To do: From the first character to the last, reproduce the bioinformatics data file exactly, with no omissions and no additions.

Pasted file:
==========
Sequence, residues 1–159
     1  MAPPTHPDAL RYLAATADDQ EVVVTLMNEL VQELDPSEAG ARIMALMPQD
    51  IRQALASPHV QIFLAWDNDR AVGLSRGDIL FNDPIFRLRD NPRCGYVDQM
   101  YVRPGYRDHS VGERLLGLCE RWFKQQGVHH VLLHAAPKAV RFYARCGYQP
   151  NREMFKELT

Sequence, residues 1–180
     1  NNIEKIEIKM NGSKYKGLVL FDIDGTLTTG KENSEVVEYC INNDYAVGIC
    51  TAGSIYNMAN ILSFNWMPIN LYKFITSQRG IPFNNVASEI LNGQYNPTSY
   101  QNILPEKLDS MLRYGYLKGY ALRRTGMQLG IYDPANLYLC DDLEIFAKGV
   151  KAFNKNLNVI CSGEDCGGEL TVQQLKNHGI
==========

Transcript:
Sequence, residues 1–159
     1  MAPPTHPDAL RYLAATADDQ EVVVTLMNEL VQELDPSEAG ARIMALMPQD
    51  IRQALASPHV QIFLAWDNDR AVGLSRGDIL FNDPIFRLRD NPRCGYVDQM
   101  YVRPGYRDHS VGERLLGLCE RWFKQQGVHH VLLHAAPKAV RFYARCGYQP
   151  NREMFKELT

Sequence, residues 1–180
     1  NNIEKIEIKM NGSKYKGLVL FDIDGTLTTG KENSEVVEYC INNDYAVGIC
    51  TAGSIYNMAN ILSFNWMPIN LYKFITSQRG IPFNNVASEI LNGQYNPTSY
   101  QNILPEKLDS MLRYGYLKGY ALRRTGMQLG IYDPANLYLC DDLEIFAKGV
   151  KAFNKNLNVI CSGEDCGGEL TVQQLKNHGI